If it was cupping in Rio, it's blood flow restriction in Tokyo
Remember the large rings on the body of Michael Phelps at the 2016 Rio Olympics, those purple marks across his back and shoulder that grabbed as much attention as the gold around his neck? It resulted from a traditional Chinese technique called "cupping", which became a worldwide rage when Phelps and the US swimming and gymnastics contingents revealed that they use it to loosen the tension in the muscles.
When the greatest athletes from around the world--following the most cutting-edge and varied training and recovery methods in existence--come together, expect revelations. If it was cups in Rio, it is blood-flow restricting bands in Tokyo.
Seen at the practice sessions of American swimmer Michael Andrew and long-distance runner Galen Rupp in Tokyo—bands wrapped around the upper portion of the legs. It's done for a practice called Blood Flow Restriction (BFR), which cuts off blood flow to specific muscles periodically. It is believed to stimulate those muscles in a way that tricks the brain to enhance both strength gain and recovery.
Incidentally, the technique that is making its presence felt in Tokyo, began in Japan. Most of these bands are used from a popular line of products called Kaatsu, which were first envisioned by Japanese power lifter Yoshiaki Sato in 1966. The story goes that Sato's legs felt numb while sitting on the floor in a traditional Japanese posture due to a shortage of blood circulation. He then went into self-experimentation mode, trying out bicycle tubes, ropes and bands of various shapes and sizes to create varied pressure on different parts of his body. The eureka moment came in 1973, when he treated his fractured ankle and injured knee by repeatedly applying pressure on and off while doing isometric exercises.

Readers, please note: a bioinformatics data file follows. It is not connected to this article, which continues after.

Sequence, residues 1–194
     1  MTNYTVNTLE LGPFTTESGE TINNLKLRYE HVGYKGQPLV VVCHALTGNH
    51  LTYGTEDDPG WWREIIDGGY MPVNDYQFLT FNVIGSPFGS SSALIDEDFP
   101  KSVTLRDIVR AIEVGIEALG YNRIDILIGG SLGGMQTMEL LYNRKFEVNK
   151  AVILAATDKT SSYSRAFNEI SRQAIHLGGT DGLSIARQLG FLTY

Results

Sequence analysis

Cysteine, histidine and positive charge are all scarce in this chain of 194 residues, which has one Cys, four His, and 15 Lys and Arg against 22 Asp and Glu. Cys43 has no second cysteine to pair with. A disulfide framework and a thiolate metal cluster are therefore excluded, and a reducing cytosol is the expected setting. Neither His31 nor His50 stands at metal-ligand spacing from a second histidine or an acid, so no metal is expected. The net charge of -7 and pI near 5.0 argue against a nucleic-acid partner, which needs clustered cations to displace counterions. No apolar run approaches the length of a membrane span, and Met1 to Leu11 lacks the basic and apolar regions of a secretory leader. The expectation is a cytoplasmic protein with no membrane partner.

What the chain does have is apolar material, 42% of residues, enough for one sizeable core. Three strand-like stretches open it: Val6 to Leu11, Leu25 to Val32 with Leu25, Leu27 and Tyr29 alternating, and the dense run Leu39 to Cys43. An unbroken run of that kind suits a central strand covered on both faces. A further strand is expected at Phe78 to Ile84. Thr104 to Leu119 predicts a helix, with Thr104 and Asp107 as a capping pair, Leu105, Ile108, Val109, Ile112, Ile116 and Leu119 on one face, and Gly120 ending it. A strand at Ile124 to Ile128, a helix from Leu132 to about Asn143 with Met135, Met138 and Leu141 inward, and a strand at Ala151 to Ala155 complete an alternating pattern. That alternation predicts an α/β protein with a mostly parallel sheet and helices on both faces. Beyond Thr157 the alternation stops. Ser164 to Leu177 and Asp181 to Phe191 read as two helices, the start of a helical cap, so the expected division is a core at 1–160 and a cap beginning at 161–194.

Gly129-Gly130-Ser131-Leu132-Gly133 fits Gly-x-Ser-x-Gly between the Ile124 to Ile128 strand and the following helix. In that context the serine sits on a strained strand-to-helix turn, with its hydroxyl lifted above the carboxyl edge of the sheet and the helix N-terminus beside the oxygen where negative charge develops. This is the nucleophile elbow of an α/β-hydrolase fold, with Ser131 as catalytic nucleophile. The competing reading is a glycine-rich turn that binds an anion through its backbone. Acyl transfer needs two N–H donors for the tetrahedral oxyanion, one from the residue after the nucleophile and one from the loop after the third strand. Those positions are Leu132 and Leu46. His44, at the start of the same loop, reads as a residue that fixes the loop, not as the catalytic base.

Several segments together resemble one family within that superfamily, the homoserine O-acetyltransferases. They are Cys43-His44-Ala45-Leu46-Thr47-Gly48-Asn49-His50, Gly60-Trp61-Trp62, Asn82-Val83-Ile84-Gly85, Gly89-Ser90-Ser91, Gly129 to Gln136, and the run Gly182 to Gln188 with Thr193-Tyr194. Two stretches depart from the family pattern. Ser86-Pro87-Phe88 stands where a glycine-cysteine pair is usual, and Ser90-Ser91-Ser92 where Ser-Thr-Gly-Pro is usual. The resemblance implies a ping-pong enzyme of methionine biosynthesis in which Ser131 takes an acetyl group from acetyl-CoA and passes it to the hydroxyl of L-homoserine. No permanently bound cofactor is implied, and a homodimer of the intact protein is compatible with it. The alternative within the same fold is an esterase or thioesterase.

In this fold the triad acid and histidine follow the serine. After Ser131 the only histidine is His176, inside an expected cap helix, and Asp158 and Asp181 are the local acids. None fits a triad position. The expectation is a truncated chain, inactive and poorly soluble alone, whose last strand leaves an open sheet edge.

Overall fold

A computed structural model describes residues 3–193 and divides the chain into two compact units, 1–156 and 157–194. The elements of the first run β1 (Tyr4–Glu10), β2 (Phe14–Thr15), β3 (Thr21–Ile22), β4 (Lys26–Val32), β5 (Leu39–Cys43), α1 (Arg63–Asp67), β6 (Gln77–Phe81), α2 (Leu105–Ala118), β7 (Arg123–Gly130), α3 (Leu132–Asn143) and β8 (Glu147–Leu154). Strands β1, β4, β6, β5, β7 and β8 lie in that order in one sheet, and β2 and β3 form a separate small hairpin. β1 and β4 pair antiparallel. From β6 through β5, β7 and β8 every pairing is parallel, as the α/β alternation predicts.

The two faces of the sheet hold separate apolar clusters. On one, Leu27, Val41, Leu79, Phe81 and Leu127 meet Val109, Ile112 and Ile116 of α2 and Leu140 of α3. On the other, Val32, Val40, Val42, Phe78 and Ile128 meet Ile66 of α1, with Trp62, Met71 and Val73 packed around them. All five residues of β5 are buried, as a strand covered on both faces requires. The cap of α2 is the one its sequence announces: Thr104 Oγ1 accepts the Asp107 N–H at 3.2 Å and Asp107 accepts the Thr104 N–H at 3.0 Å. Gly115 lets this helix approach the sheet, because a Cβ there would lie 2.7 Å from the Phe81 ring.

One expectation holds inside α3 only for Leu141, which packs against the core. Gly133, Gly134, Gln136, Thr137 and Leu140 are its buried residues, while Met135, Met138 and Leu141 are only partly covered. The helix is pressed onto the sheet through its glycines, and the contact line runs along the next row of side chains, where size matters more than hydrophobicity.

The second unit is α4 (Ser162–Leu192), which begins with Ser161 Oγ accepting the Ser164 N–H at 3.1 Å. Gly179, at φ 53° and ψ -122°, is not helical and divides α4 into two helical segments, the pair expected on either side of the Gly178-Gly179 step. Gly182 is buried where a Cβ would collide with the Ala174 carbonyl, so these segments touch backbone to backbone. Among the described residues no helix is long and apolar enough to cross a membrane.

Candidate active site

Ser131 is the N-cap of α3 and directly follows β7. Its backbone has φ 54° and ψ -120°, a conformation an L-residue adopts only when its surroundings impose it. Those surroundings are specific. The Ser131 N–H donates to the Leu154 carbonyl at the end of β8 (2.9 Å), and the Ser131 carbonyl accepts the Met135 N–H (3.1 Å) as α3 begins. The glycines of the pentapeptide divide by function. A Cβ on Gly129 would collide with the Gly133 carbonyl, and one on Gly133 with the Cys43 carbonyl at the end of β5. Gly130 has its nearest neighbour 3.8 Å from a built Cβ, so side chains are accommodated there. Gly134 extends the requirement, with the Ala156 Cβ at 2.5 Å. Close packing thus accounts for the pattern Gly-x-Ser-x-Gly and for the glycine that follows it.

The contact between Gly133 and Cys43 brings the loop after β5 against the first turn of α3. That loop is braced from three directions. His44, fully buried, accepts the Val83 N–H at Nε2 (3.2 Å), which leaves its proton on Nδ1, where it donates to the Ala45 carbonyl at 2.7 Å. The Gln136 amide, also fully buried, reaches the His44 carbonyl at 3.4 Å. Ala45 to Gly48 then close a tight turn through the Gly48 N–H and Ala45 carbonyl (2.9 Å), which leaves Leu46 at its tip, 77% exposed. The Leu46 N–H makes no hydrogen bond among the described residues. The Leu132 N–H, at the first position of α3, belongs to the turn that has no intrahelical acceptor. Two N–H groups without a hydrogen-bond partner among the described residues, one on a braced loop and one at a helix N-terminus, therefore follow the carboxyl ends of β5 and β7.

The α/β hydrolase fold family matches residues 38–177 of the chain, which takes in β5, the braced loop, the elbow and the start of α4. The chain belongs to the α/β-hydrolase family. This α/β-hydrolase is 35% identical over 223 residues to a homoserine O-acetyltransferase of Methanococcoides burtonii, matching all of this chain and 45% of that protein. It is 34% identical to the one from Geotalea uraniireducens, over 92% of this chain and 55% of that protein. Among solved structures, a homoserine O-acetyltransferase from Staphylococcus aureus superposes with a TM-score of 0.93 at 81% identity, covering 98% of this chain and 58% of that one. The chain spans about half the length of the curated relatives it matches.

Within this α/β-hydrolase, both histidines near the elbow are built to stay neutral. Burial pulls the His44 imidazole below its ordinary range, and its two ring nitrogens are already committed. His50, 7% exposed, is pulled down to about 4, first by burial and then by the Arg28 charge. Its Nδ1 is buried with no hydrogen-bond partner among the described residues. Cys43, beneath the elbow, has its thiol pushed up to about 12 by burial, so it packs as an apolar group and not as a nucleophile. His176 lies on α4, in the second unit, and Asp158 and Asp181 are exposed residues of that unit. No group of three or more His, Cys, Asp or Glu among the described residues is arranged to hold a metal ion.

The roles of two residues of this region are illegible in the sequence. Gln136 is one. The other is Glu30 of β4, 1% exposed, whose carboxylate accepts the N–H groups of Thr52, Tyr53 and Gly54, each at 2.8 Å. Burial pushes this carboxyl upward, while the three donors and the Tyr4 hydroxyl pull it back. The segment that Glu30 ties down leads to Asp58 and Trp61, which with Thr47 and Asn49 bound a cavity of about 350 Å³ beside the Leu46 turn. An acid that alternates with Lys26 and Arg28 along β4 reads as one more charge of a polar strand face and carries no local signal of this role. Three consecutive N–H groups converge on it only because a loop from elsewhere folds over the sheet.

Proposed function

The blood flow restriction technique, and indeed the Kaatsu bands, has made global inroads since. It is especially popular among some of the top-level American athletes, from 22-year-old Andrew—the 2016 World Championships gold medallist in 100m medley—to Laura Wilkinson, a three-time Olympic diver who won gold at the 2000 Sydney Games. US footballer Josh Saunders credited the technique for helping him get through rehab from a fatal career-threatening bone infection.
Andrew, who will compete in the 50m freestyle, 100m breaststroke and 200m individual medley at the Tokyo Games, had his first tryst with the technique five years ago. Before and after his training and events, Andrew would wrap the belt around his leg and modulate the pressure to restrict blood flow at specific intervals. “Obviously, it’s very difficult,” Andrew was quoted by The New York Times. “But you are simulating a sensation of real pain that tricks the body into re-growth.”
A number of scientific journals have analysed the technique: “Overall, BFR training can be viewed as an emerging clinical modality to achieve physiological adaptations for individuals who cannot safely tolerate high muscular tension exercise or those who cannot produce volitional muscle activity,” a 2017 article published in the International Journal of Exercise Science stated.
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